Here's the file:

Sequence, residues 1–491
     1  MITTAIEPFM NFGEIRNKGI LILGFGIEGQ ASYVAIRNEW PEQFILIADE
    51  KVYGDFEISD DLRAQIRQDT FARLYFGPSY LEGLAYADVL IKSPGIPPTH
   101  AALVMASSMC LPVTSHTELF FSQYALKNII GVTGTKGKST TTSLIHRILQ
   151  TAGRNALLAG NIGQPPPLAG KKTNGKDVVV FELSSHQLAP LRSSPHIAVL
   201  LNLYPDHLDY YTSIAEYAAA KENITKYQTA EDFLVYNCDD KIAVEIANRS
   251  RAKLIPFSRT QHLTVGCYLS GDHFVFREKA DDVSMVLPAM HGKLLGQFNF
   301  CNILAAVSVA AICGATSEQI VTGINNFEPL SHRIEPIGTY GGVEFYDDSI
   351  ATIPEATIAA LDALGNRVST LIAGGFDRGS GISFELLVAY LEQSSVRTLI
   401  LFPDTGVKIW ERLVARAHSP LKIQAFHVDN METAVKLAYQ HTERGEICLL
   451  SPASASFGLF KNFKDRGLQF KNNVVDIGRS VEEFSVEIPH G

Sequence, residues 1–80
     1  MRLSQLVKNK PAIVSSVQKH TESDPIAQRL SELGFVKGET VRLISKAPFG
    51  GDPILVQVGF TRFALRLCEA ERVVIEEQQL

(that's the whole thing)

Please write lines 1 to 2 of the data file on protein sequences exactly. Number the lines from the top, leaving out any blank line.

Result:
Sequence, residues 1–491
     1  MITTAIEPFM NFGEIRNKGI LILGFGIEGQ ASYVAIRNEW PEQFILIADE